Putcher fishing is a traditional method for catching salmon, and other fish, that dates back to at least medieval times, and may be much older.
The Goldcliff Lagoons were created in the late 1990s and form the eastern end of the Newport Wetlands National Nature Reserve.
Great Traston Meadow nature reserve is an example of grazing marsh, a traditional type of landscape on the Levels.
Sitting on the edge of the Gwent Levels, between the wide expanse of the Severn Estuary and the mouth of the River Usk, lies the Newport Wetlands National Nature Reserve.
Lave netting is an ancient method of salmon fishing first recorded on the Severn Estuary in the 1700s.
The village church of Bishton is more than 600 years old. Yet its full name demonstrates far older origins.
The remarkable Newport Transporter Bridge is one of only six operational transporter bridges left world wide from a total of twenty constructed.
This imposing mansion is one of the most historically important 17th century houses in Britain, home of the Morgan family for over 500 years.
Without the sea wall the Gwent Levels simply could not exist.
Magor Marsh is one of the last fragments of fenland on the Gwent Levels, a landscape which has existed here for thousands of years.
In the late 1920s the possibilities of air travel were beginning to develop, and Cardiff did not wish to be left out of the race.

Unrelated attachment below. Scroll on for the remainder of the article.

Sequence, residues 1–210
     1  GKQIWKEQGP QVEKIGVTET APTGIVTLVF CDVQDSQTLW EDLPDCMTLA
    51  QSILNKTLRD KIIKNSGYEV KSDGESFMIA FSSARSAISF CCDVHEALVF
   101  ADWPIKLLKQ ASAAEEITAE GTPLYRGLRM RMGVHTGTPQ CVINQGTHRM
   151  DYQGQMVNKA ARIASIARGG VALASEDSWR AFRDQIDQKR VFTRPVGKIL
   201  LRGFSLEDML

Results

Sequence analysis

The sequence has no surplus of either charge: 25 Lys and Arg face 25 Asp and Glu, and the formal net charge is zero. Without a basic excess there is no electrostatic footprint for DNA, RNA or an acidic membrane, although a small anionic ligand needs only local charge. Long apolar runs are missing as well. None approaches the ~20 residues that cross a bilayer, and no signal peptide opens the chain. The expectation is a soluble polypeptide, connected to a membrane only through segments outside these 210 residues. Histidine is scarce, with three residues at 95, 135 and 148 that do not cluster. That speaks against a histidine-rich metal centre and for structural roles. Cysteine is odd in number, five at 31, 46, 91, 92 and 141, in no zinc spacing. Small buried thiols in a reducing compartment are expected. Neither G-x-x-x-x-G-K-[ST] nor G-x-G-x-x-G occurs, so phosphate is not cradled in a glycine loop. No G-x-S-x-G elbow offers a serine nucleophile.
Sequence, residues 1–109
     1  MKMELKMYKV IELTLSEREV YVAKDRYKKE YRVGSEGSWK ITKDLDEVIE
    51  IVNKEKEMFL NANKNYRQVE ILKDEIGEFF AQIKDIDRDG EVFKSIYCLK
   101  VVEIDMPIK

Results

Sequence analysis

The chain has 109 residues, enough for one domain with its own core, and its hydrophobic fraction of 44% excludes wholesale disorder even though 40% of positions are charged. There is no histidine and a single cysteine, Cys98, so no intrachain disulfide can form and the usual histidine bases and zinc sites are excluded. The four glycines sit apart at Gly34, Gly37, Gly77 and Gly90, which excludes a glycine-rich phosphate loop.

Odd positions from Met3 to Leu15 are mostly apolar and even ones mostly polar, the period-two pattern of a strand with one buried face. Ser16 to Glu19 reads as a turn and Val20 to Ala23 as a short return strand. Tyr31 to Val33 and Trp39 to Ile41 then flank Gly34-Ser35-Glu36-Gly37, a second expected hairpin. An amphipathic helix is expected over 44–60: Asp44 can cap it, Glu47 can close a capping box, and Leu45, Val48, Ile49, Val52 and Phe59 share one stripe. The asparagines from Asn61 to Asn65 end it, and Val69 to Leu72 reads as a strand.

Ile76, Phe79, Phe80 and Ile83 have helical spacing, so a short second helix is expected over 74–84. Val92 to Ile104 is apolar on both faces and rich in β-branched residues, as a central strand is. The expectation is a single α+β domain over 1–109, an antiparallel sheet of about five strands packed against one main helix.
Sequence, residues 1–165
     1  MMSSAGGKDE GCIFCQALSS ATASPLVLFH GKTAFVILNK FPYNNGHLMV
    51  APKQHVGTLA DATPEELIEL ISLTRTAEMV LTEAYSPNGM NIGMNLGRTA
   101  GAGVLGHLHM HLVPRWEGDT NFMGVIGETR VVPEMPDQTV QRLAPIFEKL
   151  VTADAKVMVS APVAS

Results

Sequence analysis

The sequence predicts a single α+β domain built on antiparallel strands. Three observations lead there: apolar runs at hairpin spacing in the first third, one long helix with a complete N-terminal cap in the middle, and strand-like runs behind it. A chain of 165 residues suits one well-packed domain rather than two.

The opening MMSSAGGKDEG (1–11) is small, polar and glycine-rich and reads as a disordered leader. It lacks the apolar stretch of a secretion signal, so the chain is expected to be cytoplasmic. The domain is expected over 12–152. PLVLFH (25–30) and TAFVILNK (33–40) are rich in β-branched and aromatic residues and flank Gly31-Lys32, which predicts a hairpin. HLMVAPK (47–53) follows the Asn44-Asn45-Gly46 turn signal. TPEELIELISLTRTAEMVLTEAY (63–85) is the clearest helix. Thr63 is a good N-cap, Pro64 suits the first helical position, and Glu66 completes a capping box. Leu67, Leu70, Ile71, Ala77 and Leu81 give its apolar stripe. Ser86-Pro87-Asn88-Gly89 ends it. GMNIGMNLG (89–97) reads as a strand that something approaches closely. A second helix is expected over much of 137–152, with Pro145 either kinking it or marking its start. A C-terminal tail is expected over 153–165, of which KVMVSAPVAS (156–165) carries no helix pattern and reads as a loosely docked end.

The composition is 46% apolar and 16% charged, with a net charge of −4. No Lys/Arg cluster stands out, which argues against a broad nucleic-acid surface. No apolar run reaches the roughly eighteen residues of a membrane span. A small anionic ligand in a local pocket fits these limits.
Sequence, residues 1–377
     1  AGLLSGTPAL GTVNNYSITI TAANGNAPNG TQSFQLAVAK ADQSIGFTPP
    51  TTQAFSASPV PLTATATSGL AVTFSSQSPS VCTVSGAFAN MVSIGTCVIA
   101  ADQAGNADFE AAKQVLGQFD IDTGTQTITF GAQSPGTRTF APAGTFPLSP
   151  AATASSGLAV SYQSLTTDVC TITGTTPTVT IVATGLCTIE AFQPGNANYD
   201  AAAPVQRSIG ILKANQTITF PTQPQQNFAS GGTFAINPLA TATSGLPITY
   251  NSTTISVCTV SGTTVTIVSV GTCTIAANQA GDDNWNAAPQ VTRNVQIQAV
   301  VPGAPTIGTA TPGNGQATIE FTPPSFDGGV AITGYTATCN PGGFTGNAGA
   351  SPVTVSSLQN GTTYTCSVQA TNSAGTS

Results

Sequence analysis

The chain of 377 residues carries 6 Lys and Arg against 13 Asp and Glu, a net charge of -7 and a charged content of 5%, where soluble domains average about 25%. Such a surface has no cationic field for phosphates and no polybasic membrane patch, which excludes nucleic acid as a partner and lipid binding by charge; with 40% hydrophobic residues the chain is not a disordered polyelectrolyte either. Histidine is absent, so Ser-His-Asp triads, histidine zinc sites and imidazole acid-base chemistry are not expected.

The Severn Estuary Through Time video shows how the Estuary, its wildlife and the people living beside it, have shaped each other over millennia.
Maps can tell us a lot about the history of our landscape, if you know how to ‘read’ them.
In 2002, during construction of the Newport Riverfront Arts Centre on the west bank of the River Usk, the remains of a 15th century ship were discovered.
In about 1113, the Norman Lord of Caerleon, Robert de Chandos, granted land at Goldcliff for the founding of the Benedictine Priory of St Mary Magdalene.
Imagine standing near the sea wall at Goldcliff 10,000 years ago. What would you see?
On 30th January 1607, sea walls either side of the Severn Estuary were overwhelmed by flood waters.
In 1878, an inscribed Roman era stone, known as the 'Goldcliff Stone', was discovered near the sea wall at Goldcliff.
In 1531, King Henry VIII passed the Act of Sewers, creating Commissioners and Courts of Sewers.
Take a walk on the Levels in late April or early May and you may be lucky enough to encounter one of our most beautiful insects, the Hairy Dragonfly.
The water vole, Arvicola amphibius, is Britain’s largest species of vole and one of our fastest declining mammals. In 2012, this iconic wetland animal was reintroduced on the Gwent Levels.
After an absence of around 400 years, common cranes are once more nesting on the Levels.
Head down to Newport Wetlands just before dusk in Autumn or Winter and you could be in for one of the most spectacular displays in nature - a starling murmuration.
The shrill carder bee is one of the UK’s rarest bumblebees, and is now only found in 7 areas in Wales and southern England.
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